Public Option = Single Payer = Gov't. Monopoly
1. Among the things that people complain about under the present medical care system are the costs, insurance company bureaucrats' denials of reimbursements for some treatments and the free loaders at hospital emergency rooms whose costs have to be paid by others. Will a government-run medical system make these things better or worse? This very basic question seldom seems to get asked, much less answered.
If the government has some magic way of reducing costs — rather than shifting them around, including shifting them to the next generation — they have certainly not revealed that secret. The actual track record of government when it comes to costs — of anything — is more alarming than reassuring.
2. Ironically, it is politicians who have already made medical insurance so expensive that many people refuse to buy it. Insurance is designed to cover risk. But politicians have mandated that insurance cover things that are not risks and that neither the buyers nor the sellers of insurance want covered.
In various states, medical insurance must cover the costs of fertility treatments, annual checkups and other things that have nothing to do with risks. What many people most want is to be insured against the risk of having their life's savings wiped out by a catastrophic illness. But you cannot get insurance just for catastrophic illnesses when politicians keep piling on mandates that drive up the cost of the insurance. These are usually state mandates but the federal government is already promising more mandates on insurance companies — which means still higher costs and higher premiums.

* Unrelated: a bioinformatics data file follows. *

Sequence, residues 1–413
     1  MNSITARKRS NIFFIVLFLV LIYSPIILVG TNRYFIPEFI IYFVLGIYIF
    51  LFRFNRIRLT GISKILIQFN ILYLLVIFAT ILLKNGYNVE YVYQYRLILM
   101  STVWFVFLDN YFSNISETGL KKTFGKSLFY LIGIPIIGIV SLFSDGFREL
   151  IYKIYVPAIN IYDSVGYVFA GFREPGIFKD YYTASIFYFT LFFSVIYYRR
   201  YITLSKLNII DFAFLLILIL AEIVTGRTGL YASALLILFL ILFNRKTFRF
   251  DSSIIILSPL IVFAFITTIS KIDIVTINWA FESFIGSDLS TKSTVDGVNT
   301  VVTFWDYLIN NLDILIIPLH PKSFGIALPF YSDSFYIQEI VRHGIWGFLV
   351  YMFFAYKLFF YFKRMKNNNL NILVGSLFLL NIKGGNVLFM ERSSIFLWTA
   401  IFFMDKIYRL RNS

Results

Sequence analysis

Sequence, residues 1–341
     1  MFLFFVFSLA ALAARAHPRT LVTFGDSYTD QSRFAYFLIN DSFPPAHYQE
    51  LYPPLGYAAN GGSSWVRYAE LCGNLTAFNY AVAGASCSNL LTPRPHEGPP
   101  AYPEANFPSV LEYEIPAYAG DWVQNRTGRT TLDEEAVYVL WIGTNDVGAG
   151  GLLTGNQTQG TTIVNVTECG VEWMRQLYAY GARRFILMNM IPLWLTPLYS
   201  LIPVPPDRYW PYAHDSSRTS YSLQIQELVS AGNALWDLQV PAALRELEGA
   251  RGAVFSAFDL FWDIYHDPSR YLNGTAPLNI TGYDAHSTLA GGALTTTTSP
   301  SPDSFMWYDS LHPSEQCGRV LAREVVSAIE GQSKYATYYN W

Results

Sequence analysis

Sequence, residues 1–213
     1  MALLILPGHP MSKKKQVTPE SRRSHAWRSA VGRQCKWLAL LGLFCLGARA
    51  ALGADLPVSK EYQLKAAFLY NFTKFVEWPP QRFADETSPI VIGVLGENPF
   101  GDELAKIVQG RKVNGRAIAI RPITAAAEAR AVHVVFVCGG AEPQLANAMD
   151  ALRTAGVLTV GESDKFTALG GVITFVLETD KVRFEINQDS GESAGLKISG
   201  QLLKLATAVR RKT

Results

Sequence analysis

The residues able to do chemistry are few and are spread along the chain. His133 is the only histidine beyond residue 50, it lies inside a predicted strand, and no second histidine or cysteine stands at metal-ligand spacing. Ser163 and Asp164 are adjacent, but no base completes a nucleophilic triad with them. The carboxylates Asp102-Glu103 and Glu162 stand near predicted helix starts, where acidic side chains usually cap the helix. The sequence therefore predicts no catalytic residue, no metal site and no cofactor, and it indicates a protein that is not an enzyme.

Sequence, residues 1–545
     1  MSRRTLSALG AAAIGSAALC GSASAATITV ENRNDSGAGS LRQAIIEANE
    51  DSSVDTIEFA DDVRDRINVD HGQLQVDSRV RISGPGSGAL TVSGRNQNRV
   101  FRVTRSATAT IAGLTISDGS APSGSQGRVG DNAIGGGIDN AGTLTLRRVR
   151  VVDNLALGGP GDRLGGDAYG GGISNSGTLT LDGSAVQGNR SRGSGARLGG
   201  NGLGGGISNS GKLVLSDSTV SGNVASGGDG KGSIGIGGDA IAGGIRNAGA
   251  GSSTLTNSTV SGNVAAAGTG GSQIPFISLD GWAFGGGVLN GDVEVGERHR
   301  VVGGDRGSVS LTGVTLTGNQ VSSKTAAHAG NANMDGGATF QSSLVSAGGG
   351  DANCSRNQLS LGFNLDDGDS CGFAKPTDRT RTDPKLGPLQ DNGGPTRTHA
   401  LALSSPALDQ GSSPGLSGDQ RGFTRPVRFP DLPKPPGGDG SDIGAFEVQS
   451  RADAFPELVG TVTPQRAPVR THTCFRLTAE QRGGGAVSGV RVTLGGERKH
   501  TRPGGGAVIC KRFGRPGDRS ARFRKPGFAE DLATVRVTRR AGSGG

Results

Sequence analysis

All this makes a farce of the notion of a "public option" that will simply provide competition to keep private insurance companies honest. What politicians can and will do is continue to drive up the cost of private insurance until it is no longer viable. A "public option" is simply a path toward a "single payer" system, a euphemism for a government monopoly.
~Thomas Sowell's latest column on the "costs" of medical care.